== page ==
I am always talking about food. Ask anybody. Better yet, try to have a conversation about anything else with me and keep an eye on your stopwatch to see how fast I can steer us back. Why? Well, that's likely a longer column. But the how is easy: Food touches everything.
Food is life or death, art and pleasure. Some of our earliest memories and final desires are about food. A dish can tell the story of a singular palate, a family tradition, a people's history. Our diets and food budgets are often the objects of moral judgements. Who grows, cooks, sells, consumes and profits from food — and how — is deeply political. How food is harvested and produced can shift an economy, raze a landscape, alter life in the deepest parts of the oceans that we have yet to see.
We are never just talking about food. We're talking about all these things, about culture. And when we consume (of course, we say consume) food media — reading cookbooks and articles, scanning reviews, watching documentaries and cooking shows, clicking on recipes and even scrolling through Instagram food porn or the Humboldt Foodies feed (of course, we call it a feed) — it would benefit us to do so critically.
Let's start with the byline. Who gets to write about food? Well, in the age of the blogger, everybody. But when we look at food writing from major outlets, there's a diversity issue. Of course, anybody can write about any cuisine (and writers in the Journal indeed have) but just as in the industry of journalism overall, food writing is incredibly unbalanced. In a piece for Intersectional Analyst, Lorraine Chuen dug into the New York Times' database of recipes and found that 89.8 percent of its articles on Indian food were written by white writers, as opposed to 5.1 percent by Indian writers. For the wildly broad category of African food, it was 83.6 percent white vs. 2.7 percent black authors. Vietmamese pieces came in at a wincing 95.3 percent white writers to 1.2 percent East Asian ones. The question isn't so much whether a writer can cover another culture's food, as why we aren't hiring people of color to write about the food of people of color.
As gatekeepers of food writing, editors too often follow the tack of having white writers and TV hosts introduce "ethnic" food to majority white audiences. But it often serves to further establish those cuisines as exotic outsiders, while European dishes are approached with sentimental familiarity. (It's a tone that also establishes for readers/viewers of color that "This is not meant for you.") Did I say I was mad at Anthony Bourdain and his humble, humanistic approach? Settle down. I'm saying that as an industry we can do better. If we can find sources to leak scandals and report from bombed out buildings, we can find some writers of color and hear their input on stories, including what to cover. Just choosing the subject of a piece — a dish, a person, a producer — makes a statement about who and what we care about. It's worth considering when you're watching or reading, and that goes for this paper, too.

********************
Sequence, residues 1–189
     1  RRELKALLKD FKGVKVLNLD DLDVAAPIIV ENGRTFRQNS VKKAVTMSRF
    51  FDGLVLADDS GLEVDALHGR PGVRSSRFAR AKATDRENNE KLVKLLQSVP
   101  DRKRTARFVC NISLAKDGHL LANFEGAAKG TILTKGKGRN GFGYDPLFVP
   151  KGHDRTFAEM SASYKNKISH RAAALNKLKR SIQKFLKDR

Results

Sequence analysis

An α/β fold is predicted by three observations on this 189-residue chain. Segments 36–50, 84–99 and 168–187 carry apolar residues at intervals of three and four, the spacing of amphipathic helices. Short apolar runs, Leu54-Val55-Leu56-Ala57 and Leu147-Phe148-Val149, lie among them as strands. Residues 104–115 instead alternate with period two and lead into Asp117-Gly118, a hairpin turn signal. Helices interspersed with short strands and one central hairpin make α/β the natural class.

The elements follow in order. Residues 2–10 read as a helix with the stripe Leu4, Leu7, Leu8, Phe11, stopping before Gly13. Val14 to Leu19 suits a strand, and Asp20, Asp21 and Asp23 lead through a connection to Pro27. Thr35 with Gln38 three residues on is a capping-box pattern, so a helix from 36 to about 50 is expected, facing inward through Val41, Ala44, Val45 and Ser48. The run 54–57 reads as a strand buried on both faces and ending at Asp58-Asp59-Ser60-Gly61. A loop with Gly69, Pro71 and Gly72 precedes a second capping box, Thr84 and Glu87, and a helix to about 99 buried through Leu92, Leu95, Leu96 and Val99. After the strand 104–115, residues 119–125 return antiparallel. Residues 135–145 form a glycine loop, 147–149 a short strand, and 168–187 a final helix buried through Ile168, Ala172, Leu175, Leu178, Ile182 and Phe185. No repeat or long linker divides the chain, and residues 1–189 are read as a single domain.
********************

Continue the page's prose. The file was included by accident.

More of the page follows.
When we write about foods from cultures not our own, are we including context? Are we researching and crediting their originators? As an editor who has missed connections like these myself, it's something I look for when reading. If nothing else, leaving out that part of a story means missing an opportunity for something richer.
We should ask the same questions of restaurant reviews. Personally, starred reviews and rankings by a single reviewer start with an assumption I could never get comfortable with: that we all want the same thing, whether we're talking shoestring vs. steak fries or grand rooms vs. intimate nostalgia. As if there's some Kantian formula for measuring the pleasure of a meal against its drawbacks. Thinking back to the comfortingly surly service at my favorite old-school steakhouse and the warped linoleum counters on which I've eaten the best roast pork and pea greens of my life, I cannot quantify the service, atmosphere and quality into a score that feels true. Which is not to say I don't like a good fight over a top 10.
Even a Yelp review — yes, I'm entering that online mosh pit of unedited, mostly anonymous content — should meet some standards before you pay it any mind. Is Evan K to be trusted? What the hell does Evan K know about food? I ask because his juicy post brimming with zingers could be impacting a real business. Was his Instagram post sponsored or did he pay for the meal he wrote about? How does that influence his opinions and what he posts about?
And what does a reviewer, professional or otherwise, mean by the word "authentic?" Take Chinese food, for example. To what region in its 3.7 million square miles must a dish be authentic? To what period in its 3,000-year history? Can cooks and chefs at Chinese restaurants experiment and create, or is that only for French kitchens? Mostly we use authentic as shorthand for "not Americanized." But maybe we should be asking for more rigor and fair treatment across cuisines.
More rigor and fair treatment are not outlandish things to ask of a branch of journalism. Food media, after all, is about people, business, politics, science, culture, inequality, privilege, migration, history and community. We're never just talking about food. At least we shouldn't be.
Jennifer Fumiko Cahill is the arts and features editor at the Journal and prefers she/her. Reach her at 442-1400, extension 320, or firstname.lastname@example.org. Follow her on Twitter @JFumikoCahill.